Match Analysis: History Repeats Itself as Tsitsipas Loses to Nadal at ATP Finals

Stefanos Tsitsipas in action at the ATP Finals

No defending champion at the ATP Finals had exited the tournament in the round robin stage since 2009. Rafael Nadal had never made it to the semis after losing a round robin match since 2007. Stefanos Tsitsipas would have hoped to see these records continue but Nadal turned the tide with a three-set victory over the 22-year-old. Nadal progressed to the semifinals despite his loss to Dominic Thiem two days before.

Tsitsipas had experienced losing to Nadal at the same stage of the tournament the year before. With that in mind, did the young Greek attempt to change his tactics?

Tsitsipas’ loss to Nadal in 2019

Before this week’s match, Mark Petchey, the former coach of Andy Murray, provided some insight into Tsitsipas’ loss in 2019. “It was super close except in one area. Tsitsipas did not create one break point opportunity against Nadal.” Petchey went on to explain why.

  • Nadal’s first serve was directed to the backhand 54.5% of the time. This generally resulted in a weak return from Tsitsipas’ backhand with Nadal winning 85% of his first service points.
  • 54% of Tsitsipas’ second serve returns landed mid-court allowing Nadal to get on the front foot and play a forehand 82% of the time.
  • Tsitsipas failed to land his first serves close enough to the lines. This allowed Nadal to get a massive 84% of his returns into play, culminating in two breaks of serve from nine opportunities.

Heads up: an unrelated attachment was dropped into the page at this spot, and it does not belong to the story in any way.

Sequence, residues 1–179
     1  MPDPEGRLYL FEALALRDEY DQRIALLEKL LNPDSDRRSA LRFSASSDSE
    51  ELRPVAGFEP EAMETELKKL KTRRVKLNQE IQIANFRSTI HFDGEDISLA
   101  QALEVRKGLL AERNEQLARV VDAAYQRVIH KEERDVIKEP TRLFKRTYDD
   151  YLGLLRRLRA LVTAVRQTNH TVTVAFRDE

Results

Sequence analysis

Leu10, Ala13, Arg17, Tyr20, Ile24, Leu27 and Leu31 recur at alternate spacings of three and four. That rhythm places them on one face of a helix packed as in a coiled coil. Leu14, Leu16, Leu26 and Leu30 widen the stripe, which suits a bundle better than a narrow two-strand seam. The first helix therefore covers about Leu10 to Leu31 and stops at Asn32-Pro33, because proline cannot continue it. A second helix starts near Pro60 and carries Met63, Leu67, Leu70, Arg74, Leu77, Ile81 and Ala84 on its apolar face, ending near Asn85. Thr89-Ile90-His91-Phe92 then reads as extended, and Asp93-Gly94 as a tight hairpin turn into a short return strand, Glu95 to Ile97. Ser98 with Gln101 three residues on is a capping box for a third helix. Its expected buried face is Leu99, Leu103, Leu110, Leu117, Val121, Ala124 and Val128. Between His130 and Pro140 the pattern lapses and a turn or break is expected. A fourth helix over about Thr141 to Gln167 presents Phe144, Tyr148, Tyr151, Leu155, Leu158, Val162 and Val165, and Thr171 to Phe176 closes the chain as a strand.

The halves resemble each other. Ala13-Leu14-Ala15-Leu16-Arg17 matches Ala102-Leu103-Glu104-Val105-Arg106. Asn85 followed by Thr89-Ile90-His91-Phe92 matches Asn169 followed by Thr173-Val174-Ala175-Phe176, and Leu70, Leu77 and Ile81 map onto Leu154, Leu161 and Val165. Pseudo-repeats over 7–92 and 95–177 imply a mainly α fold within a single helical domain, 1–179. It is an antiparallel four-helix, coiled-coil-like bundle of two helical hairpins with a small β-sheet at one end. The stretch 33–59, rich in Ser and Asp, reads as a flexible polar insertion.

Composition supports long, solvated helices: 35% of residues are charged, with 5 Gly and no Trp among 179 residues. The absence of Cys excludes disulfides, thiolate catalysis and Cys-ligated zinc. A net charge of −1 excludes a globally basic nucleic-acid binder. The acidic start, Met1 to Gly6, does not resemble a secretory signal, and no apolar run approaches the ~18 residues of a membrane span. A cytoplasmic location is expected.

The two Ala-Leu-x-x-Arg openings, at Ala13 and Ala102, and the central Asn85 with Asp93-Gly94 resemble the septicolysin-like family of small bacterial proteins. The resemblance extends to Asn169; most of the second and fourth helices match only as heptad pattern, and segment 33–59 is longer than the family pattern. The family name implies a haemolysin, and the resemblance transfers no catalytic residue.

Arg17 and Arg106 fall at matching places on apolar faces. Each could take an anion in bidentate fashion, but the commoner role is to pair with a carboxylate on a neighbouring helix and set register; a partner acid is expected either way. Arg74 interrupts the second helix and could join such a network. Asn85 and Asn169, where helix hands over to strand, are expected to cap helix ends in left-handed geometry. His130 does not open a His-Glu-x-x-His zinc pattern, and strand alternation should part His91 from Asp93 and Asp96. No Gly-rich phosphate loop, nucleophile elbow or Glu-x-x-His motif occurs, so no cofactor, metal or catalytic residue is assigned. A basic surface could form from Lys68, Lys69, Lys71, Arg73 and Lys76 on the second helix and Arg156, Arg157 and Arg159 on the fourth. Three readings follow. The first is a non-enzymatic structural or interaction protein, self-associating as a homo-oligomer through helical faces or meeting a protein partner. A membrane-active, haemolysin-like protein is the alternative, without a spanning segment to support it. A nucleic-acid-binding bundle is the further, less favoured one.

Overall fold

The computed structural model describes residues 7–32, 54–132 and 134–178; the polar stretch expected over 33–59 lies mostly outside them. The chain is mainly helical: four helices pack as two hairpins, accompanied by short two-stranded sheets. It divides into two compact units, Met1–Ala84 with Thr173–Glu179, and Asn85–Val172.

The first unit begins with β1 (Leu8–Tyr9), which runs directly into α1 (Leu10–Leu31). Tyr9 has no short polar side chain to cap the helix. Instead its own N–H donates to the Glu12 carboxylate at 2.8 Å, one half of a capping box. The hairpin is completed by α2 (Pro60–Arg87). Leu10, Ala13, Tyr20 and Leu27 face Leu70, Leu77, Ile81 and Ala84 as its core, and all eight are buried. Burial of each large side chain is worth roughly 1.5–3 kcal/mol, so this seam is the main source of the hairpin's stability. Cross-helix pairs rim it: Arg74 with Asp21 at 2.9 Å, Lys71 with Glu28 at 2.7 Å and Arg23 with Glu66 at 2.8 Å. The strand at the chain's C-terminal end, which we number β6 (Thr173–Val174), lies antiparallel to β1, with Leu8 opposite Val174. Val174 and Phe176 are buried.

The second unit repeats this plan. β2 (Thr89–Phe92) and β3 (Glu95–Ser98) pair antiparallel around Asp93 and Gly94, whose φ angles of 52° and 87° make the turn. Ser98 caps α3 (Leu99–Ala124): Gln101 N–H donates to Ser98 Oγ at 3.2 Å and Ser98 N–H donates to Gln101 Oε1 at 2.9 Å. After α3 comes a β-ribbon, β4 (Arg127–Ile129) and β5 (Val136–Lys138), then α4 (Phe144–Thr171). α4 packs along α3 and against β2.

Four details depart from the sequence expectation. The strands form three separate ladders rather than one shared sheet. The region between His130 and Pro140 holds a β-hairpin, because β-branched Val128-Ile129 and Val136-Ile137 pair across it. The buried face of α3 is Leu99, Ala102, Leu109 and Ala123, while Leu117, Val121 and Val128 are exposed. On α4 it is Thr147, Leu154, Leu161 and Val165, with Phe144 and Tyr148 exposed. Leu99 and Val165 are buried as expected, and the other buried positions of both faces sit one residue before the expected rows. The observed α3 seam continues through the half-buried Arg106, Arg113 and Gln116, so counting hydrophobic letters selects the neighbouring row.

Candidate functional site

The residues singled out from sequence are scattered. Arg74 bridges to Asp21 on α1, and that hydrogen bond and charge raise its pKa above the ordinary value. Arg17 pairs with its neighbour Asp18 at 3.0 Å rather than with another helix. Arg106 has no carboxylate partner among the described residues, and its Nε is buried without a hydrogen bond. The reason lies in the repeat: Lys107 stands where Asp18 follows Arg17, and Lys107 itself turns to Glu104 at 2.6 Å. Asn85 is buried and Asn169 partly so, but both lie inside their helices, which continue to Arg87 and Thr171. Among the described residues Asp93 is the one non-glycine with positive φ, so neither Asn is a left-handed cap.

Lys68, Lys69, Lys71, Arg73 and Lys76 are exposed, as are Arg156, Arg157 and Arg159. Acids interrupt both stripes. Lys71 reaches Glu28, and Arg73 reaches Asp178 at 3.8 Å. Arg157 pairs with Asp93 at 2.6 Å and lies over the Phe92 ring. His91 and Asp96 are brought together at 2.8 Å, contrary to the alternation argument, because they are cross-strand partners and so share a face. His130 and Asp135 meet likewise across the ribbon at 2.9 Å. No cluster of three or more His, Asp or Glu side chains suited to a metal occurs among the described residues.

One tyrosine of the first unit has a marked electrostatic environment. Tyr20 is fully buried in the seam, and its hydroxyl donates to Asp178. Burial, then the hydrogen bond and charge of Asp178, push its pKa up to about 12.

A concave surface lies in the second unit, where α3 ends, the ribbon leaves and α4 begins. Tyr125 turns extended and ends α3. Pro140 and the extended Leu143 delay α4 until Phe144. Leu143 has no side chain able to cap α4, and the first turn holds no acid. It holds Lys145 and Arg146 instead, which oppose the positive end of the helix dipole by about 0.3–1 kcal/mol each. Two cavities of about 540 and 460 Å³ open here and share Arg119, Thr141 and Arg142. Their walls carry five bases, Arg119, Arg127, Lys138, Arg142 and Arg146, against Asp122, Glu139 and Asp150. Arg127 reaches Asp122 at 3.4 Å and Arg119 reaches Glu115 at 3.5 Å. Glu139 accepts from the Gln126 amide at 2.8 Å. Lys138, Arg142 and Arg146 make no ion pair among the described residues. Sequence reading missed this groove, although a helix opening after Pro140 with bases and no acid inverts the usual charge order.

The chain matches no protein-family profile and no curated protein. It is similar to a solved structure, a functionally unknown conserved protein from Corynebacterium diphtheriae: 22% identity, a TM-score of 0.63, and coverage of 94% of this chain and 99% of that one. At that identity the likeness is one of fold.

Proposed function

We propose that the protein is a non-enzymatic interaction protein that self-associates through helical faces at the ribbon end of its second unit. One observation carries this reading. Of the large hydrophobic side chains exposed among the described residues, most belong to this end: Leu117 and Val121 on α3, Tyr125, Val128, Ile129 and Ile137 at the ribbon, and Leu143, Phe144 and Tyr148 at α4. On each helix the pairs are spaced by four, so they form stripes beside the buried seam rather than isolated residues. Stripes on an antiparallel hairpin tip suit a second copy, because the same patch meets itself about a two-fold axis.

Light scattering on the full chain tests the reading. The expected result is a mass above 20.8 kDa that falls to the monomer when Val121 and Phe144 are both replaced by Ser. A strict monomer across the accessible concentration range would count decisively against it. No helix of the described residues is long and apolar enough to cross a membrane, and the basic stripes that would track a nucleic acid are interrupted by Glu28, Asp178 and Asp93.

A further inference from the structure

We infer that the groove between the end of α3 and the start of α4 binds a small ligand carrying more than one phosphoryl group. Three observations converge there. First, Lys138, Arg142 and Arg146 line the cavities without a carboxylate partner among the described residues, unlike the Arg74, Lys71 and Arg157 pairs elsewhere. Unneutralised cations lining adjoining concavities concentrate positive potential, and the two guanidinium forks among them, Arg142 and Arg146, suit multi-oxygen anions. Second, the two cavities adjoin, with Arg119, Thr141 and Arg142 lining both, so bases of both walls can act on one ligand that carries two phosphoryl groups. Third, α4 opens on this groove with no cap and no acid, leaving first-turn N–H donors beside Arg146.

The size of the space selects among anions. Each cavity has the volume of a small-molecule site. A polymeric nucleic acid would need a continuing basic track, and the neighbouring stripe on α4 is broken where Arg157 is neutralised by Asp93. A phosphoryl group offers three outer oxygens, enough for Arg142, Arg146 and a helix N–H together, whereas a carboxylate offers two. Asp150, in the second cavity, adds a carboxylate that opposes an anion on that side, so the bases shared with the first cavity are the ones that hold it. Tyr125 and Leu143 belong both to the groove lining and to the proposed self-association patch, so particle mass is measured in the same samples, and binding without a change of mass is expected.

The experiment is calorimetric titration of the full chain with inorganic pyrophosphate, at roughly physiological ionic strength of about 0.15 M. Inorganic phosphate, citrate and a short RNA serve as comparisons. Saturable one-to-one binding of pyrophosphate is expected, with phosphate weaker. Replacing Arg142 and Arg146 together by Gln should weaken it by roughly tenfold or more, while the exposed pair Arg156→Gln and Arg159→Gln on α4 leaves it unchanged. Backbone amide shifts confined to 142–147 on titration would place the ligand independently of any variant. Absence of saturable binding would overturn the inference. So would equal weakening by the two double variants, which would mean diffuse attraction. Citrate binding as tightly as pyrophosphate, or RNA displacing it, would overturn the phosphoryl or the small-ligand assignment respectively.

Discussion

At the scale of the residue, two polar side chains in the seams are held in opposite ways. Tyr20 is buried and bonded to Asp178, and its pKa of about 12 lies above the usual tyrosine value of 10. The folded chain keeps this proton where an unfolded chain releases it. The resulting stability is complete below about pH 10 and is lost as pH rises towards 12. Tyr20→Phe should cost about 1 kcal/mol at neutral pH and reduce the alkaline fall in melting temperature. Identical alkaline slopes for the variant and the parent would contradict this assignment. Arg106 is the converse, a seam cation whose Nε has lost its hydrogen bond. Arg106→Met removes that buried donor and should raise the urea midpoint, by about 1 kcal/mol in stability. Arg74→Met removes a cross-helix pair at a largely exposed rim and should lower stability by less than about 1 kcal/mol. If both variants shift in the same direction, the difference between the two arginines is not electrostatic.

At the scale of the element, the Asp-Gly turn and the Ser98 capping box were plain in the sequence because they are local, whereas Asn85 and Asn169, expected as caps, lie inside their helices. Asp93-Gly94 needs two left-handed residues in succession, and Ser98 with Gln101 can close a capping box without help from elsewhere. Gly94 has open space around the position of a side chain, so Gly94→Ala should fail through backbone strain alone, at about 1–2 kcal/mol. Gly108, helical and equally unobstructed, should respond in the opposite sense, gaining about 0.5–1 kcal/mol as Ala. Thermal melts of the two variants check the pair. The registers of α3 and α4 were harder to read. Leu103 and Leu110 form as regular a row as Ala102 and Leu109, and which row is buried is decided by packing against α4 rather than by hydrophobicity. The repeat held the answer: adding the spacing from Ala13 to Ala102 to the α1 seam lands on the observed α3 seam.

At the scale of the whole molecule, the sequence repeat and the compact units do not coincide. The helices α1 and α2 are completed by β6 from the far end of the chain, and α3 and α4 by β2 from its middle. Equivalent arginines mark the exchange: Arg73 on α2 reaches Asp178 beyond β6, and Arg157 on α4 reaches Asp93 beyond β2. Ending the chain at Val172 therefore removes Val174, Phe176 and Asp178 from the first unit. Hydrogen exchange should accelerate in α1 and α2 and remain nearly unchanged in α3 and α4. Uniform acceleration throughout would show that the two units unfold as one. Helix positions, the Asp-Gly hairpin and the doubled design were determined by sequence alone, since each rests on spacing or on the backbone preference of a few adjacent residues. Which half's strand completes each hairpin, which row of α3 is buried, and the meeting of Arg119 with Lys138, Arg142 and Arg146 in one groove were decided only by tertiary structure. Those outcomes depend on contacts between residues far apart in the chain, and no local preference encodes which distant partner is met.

Following Petchey’s logic, the Tsitsipas loss was mainly due to his serve and return. Going into Thursday’s match his game plan should have been clear: serve closer to the lines and return second serves aggressively to the Nadal backhand. Did Tsitsipas have these tactics in mind? And if he did, why did he go on to lose the match?

The Tsitsipas return

The return is a shot that Tsitsipas will undoubtedly need to improve going forward. He has a career percentage of return games won on a hard court of 17.6%. Compare this to Rafa’s 29.0%.

Even by his own lowly standards, Tsitsipas underperformed on return in 2019’s match. His inability to generate a single break point must have been weighing heavily on his mind going into this year’s match. It should be noted the Nadal serve is by no means invincible; there have only been six previous matches on a hard court where Nadal had not faced a break point. The pressure was on this year to step up on return.

Tsitsipas improved on last year’s return winning percentage but overall failed to deliver. He created three break point opportunities, taking two of them for a 14.3% winning percentage on return games. It was not nearly enough for Tsitsipas to take the match  as Nadal surpassed him on return. Rafa stayed true to his career return winning percentage of 29%, breaking four times from eight break point opportunities.

In line with Petchey’s comment, Tsitsipas aimed to get the return deeper in the court than last year. He returned past the service line approximately 69.4% of the time when his return went in. This was however likely not the reason for him breaking Nadal’s serve twice. Nadal was frequently able to neutralize the return, on both first and second serves, rarely allowing Tsitsipas to get a foothold on a return point. The position of the return rarely made an impact on the outcome of the point, never more than in the final set when Tsitsipas returned past the service line in every return point he lost.